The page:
Employer Deductions to Paychecks for Overpayments or Loans
Mistakes are often made on paychecks. When an employer overpays an employee, it may not deduct the amount of the overpayment from the employee's next paycheck without the employee's consent, and may never do so on the employee's last paycheck.
Overpayments and Employer loans to EmployeesAn employer may make deductions from wages to reflect predictable and expected wage overpayments made in the immediately prior paycheck that resulted from the employer’s payroll system, or for repayment of a loan, if the employee provides voluntary, written authorization. An electronic time sheet does not constitute a voluntary, written authorization. Further, an employer may not make deductions from a final paycheck to reflect prior overpayments made; such action would subject the employer to section 203 penalties. DLSE Op. Ltr. 2008.11.25-1.
Deductions from an employee's final paycheck for debts owed to the employer are prohibited, even with prior written authorization. Barnhill v. Saunders (1981) 125 Cal.App.3d 1. In Barnhill, the employer deducted the balance of a loan from a discharged employee's final paycheck. The court concluded that "an employer is not entitled to a setoff of debts owing it by an employee against any wages due that employee" on the employee's final paycheck.
Even an erroneous overpyament may not be recouped by the employer without the employee's written consent. In California State Employee's Assn. v. State of California (1988) 198 Ca1.App.3d 37, the employer made numerous overpayments to hundreds of employees. The employer notified the affected employees that it planned to make monthly deductions from their salaries to recoup the overpayments. The employer did not have the employees' signed authorizations to make these deductions, and the court held that the employer's deduction of the overpayments was unlawful.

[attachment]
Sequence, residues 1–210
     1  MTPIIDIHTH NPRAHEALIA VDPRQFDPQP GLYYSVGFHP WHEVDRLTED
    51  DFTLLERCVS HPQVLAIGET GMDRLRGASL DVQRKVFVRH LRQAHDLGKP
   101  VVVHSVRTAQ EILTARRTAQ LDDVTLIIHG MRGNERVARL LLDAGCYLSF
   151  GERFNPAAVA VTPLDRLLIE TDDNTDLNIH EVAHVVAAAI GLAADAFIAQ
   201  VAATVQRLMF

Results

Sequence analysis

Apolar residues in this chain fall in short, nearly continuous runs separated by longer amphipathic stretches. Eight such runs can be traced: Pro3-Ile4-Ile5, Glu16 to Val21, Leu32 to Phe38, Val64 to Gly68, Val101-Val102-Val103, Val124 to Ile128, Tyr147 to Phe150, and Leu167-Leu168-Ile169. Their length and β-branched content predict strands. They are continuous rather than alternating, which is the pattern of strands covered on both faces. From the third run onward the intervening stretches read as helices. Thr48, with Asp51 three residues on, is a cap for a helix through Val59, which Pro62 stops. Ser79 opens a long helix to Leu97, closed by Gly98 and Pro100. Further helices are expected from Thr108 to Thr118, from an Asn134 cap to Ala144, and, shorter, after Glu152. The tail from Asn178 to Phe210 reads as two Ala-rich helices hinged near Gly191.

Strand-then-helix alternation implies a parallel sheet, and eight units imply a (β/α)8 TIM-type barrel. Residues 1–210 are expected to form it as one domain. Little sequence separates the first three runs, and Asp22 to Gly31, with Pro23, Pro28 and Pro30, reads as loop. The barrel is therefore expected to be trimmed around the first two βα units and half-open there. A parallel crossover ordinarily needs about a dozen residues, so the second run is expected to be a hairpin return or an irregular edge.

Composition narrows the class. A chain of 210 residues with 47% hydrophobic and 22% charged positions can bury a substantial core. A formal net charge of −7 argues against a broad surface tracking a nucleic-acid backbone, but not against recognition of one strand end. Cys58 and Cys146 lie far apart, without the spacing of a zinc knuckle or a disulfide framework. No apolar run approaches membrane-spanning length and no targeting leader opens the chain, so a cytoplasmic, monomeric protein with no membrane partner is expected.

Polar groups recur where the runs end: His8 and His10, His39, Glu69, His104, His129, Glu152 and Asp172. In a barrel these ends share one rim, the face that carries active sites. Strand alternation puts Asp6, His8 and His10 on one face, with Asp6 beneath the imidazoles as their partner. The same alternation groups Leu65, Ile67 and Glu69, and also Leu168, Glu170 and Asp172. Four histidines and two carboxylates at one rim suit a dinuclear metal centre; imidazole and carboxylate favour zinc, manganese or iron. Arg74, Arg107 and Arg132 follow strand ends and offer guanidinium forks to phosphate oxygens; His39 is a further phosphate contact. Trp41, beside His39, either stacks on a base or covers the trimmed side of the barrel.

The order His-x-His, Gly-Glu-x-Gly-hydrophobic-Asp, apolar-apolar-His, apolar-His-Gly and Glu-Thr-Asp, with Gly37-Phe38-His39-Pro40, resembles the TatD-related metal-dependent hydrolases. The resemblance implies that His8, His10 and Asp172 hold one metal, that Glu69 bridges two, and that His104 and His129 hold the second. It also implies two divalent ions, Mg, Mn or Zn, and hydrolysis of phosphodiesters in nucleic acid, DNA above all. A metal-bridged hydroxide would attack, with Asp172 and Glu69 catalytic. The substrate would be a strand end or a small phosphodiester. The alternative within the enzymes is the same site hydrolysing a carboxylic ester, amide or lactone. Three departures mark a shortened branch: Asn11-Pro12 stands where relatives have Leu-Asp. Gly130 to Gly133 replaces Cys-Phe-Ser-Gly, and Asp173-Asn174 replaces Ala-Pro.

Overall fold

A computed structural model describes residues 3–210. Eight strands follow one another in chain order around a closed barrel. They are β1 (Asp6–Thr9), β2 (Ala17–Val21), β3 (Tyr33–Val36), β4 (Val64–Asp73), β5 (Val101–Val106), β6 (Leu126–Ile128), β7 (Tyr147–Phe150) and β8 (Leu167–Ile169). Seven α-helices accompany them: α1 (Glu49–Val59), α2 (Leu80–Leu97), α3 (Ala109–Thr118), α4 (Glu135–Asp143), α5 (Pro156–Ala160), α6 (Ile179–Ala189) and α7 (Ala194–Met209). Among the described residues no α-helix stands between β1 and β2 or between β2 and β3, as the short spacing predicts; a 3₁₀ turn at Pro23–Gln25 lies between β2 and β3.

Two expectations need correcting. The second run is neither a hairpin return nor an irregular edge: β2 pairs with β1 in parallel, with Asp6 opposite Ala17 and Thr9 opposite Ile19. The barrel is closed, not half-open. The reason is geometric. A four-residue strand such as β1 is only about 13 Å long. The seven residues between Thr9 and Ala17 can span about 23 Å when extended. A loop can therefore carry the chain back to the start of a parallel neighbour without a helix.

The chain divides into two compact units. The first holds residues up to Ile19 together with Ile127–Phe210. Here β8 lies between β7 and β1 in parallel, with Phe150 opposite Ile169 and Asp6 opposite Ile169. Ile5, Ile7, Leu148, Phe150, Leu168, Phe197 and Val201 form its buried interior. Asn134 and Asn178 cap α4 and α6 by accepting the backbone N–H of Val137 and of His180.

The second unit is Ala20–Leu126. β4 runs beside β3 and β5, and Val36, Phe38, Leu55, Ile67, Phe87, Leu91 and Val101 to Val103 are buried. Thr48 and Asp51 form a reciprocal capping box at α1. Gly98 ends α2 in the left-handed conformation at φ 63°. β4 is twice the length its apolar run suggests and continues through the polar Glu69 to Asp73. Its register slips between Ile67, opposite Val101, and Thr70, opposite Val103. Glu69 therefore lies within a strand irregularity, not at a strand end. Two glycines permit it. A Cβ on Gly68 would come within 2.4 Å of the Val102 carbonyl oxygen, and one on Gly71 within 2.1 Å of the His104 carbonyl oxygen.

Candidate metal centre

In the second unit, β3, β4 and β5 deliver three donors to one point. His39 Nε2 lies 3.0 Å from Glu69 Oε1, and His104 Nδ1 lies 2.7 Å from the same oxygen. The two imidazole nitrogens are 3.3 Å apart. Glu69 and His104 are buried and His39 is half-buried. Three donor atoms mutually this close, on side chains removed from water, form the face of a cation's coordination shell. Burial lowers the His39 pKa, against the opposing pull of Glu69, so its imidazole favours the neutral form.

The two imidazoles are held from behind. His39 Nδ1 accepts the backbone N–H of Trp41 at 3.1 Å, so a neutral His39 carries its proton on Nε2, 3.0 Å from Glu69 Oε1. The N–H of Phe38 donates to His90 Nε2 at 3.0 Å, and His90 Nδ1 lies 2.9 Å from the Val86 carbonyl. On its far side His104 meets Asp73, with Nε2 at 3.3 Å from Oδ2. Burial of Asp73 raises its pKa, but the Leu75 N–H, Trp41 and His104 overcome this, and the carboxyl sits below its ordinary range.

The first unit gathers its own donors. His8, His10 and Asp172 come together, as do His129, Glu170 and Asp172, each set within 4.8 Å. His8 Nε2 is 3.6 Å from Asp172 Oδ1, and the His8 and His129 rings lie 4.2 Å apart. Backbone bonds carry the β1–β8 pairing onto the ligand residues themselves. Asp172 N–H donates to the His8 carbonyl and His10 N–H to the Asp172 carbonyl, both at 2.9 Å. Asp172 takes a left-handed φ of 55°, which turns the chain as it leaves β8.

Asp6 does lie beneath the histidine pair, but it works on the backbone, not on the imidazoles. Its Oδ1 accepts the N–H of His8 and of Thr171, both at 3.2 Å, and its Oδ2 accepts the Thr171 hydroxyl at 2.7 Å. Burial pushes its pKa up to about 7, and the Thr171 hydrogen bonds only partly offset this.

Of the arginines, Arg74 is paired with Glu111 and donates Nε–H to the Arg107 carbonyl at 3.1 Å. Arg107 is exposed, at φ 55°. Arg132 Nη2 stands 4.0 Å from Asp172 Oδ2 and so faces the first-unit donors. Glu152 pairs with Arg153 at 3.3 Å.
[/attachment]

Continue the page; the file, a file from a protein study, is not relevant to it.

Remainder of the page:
The DLSE takes the view that periodic deductions from wages authorized in writing by an employee to recoup predictable, expected overpayments that occur as a consequence of payroll practices do not run counter to these cases. This makes sense, but employee authorization is critical to permitting such deductions. Labor Code §224 provides that a deduction “not amounting to a rebate or deduction from the standard wage arrived at by collective bargaining or pursuant to wage agreement or statute" that is authorized in writing by the employee does not violate the prohibition in Labor Code §221 against unlawful collection of wages. The DLSE has opined that a deduction for previous overpayment of wages is not unlawful if there is a previous written agreement, and that after making the deduction, the employee still receives no less than the minimum wage for all hours worked in the pay period. (DLSE Op. Ltr. 1999.09.22-1)
The bottom line is that an employer needs its employees' written authorization to recoup an overpayment or an employer loan from its employees' subsequent wages, and may never do so on an employee's final paycheck.
GarnishmentIt is extremely important to understand that the rules governing how an employer can recover an overpayment or a loan from an employee do not apply to a garnishment order. An employer who is properly served with an order garnishing an employee's wages must withhold them pursuant to the garnishment order. This is true even if the garnishment order is related to a debt owed by the employee to a prior employer.
Both employers and employees need to understand that garnishment orders stand on their own, and are not subject to the limitations discussed in this guide with respect to an employer's efforts to recoup an overpayment or loan from an employee on subsequent paychecks.